discussed the situation and decided to head south along the
beach to Government Cut. This would keep us sheltered and allow
time for the weather to pass and also put us a little closer to
When we arrived at Government Cut we re-evaluated the weather
and determined the situation had improved so we again headed
toward the islands. The seas as expected were "Higher in
the Stream" and the ride was wet from both salt spray and
rain. After a rough, wet and long ride Captain Rich brought us
safely into the marina at the Bimini Big Game Club, which would
be our home for the next four days.
After clearing customs, checking into our rooms, putting on some
dry clothes and a brief recuperation we decided to go "Out
Front" and fish!
We headed out of the harbor watching the bottom drop away on
the depth finder. About a mile off we idled the engines and put
out our first set of lures to drag through the
beautiful deep blue water. Within a few minutes we had observed
a Sailfish jumping in the distance so we trolled in that
direction. Thirty minutes or so had passed and we were up
"Off the Pines" when the left flatline pole did a
couple of jerks. Captain Rich looked back and saw a Sailfish in
hot pursuit of the flatline lure. Lou grabbed the pole, dropping
the lure back and the Sail ate it. The fight was on and Mr. Sail
was not going to come
easily. Jumping, running and jumping some
more, it was a beautiful sight. Lou was slowly winning the
battle. He had brought the fish near the boat but the fish wasn’t
finished yet. He started another jumping run and ran his bill
into the side of the boat popping the rub rail molding out of
its track! WOW! What a fish! After a few more minutes Lou had
brought the sail to the side of the boat for a quick measurement
(6-1/2 ‘ approx. 50 pounds) and Captain Rich released him
unharmed to be caught again. We were all laughing and slapping
high five’s to congratulate each other on a great job.
Each member of the Rock Boat II’s crew has a job when a
fish is hooked. To watch this group clearing lines, pulling in
teasers, raising outriggers and clearing the deck and gunwales
in under a minute for the guy fighting the fish is pure teamwork
We decided to call it a day and head back for a relaxing
evening at the Big Game Club and maybe a walk through
"downtown" Alice Town, Bimini.
That evening we attended the kick off meeting and ate the buffet
dinner provided for the registered participants. We then headed
"Up dis a way". This was Jimmy Darrah’s first trip
to Bimini so we needed to provide an orientation tour. Our first
stop was "The End of the World Bar" which to our
surprise had undergone a complete renovation and transformation.
Gone was the Fish 4 Fun shirt I had stapled to the ceiling last
year and so was all the other underwear, clothing and whatever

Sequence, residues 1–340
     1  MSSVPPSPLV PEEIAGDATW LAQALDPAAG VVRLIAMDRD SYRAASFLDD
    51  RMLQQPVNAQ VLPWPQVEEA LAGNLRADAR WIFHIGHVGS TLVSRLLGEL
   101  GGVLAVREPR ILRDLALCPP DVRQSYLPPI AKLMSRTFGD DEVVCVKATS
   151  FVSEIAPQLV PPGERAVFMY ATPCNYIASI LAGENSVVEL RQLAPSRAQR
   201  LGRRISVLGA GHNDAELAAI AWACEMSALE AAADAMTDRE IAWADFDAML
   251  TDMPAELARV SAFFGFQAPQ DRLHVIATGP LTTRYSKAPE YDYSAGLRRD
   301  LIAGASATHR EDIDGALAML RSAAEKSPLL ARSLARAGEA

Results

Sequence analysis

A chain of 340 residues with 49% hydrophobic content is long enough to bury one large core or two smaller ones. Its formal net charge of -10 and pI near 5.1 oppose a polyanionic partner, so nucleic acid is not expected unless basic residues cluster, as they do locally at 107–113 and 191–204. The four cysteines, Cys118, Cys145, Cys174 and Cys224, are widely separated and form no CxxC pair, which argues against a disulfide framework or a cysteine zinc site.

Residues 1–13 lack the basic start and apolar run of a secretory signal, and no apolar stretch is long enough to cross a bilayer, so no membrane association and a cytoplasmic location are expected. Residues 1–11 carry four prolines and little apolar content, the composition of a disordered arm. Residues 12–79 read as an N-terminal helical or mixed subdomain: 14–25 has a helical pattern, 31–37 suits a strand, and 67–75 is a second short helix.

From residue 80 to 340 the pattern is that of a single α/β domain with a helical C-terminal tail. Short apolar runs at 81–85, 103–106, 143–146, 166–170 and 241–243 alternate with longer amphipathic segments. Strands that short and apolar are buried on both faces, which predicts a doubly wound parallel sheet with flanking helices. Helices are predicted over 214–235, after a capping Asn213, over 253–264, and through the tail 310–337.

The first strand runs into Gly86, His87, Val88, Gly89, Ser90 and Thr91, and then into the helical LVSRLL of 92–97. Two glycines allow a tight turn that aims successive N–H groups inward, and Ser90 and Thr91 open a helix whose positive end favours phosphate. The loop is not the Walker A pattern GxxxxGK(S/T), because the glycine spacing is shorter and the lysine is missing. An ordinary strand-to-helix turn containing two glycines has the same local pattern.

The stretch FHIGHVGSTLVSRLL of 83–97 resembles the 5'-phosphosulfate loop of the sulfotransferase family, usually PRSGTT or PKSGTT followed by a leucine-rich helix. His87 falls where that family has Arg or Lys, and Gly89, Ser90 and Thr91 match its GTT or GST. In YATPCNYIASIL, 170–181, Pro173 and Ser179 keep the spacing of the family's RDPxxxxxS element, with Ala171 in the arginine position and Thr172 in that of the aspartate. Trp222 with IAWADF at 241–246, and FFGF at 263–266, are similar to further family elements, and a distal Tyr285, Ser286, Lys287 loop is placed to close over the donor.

else that had been hung up there. We had a drink and went out
back to find a graffiti wall that is covered with many
thoughtful and philosophic phrases and dates. Lou grabs a marker
and goes to work. Once he got started it was hard to stop him,
he must have written at least ten messages to immortalize the
Rock Boat II and crew. I decide to leave my Fish 4 Fun shirt
am wearing so off it comes and Lou jumps up on a chair and
staples it to the ceiling. That was enough for the first night
so back to the Big Game Club we go to prepare for the next day
and get some sleep.
Thursday morning, the Captain and crew decide to go south. We
trolled all day down off Cat Cay. We followed some birds and had
one knockdown. When we reeled in to check the bait, a bent hook
point was found. Not much fishing action today.
Thursday evening we ate a good dinner provided for the
participants in the Big Game Club's Gulf Stream Restaurant and
then walked down to "The Compleat
Angler" for a beverage and to try our luck at the local
game of skill. A ring on a string is suspended from the ceiling
and on the wall about 12 feet away is a hook. The object is to
swing the ring like a pendulum across the room so that it ends
up on the hook. Believe it or not all five of us accomplished
this in about a fifteen-minute period. I have never been able to
do it before! The Compleat Angler is a place Ernest Hemingway
frequented and is filled with pictures and writings of his
fishing exploits in Bimini and a model of his boat the "Pilar".
A must place to visit and spend some time when you visit Bimini.
Friday we had planned to head north and fish around Great
Isaac near the New Providence Channel. As we headed north we
could see a large group of thunderstorms and a waterspout. We
decided to put in our lines and troll awhile off of "North
Point" to give the storm time to move. It wasn’t long
when the the long left rigger was hit and carried toward the
short right creating a belly of slack in the line. The right rigger line
released next to me. I grabbed the rod
and feeling the fish, I set the hook. Bang! the line snapped.
Almost immediately the starboard rigger goes off. Jimmy Darrah
grabs the rod and sets the hook. The pole bends under the load,
it’s a big fish but Jimmy shows him who's in charge! It’s a
37-pound Dolphin and it’s in the
box. We decide to fish this area the rest of the day. We catch
two more 18 to 20 pound dolphin and put them in the box for the
seafood cookout tonight.
we made the run up to Great Isacc and trolled all day with very
little action other than another knockdown and a few Barracuda.
We listened on the radio to a battle going on with a 250 lb Blue
Marlin which was brought to leader and released. A nice 55 lb
Kingfish was caught aboard George Poveromo’s boat. Today's
fishing ended in a driving rain and thunderstorm as we entered
evening was the Awards Presentation where some nice Plaques and
Carey Chen Prints were given out as awards. Our Sailfish held
out as the biggest for an award but our dolphin was beat by 4 or
Saturday evening we had dinner at the Anchorage. The food and
service at the Anchorage was very good. The Anchorage was the
Lerner family (Lerner Shops) home when they were here on Bimini.
Mike Lerner was an avid fisherman in the 1930’s. A great
finish to four days of fishing!
The trip back to Port Everglades Sunday was smooth and
comfortable. As we headed west, we kept looking back as we
watched the Island disappear below the horizon, knowing we would
return next year.. The return trip
took less than 1-1/2 hours.
All in all there were a lot of fish caught. Dolphin, Wahoo,
Kingfish, Grouper, Snapper, Sailfish, Marlin, Triggerfish,
Yellowfin Tuna, Blackfin Tuna, Barracuda and more……… It
was a great trip and if the group keeps growing we may need a
A special thank you to George Poveromo and the sponsors,
Evinrude Outboard Motors, Captain Harry’s Fishing Supply,
Moldcraft Lures and the Bahamas Ministry of Tourism for their contributions in making this such a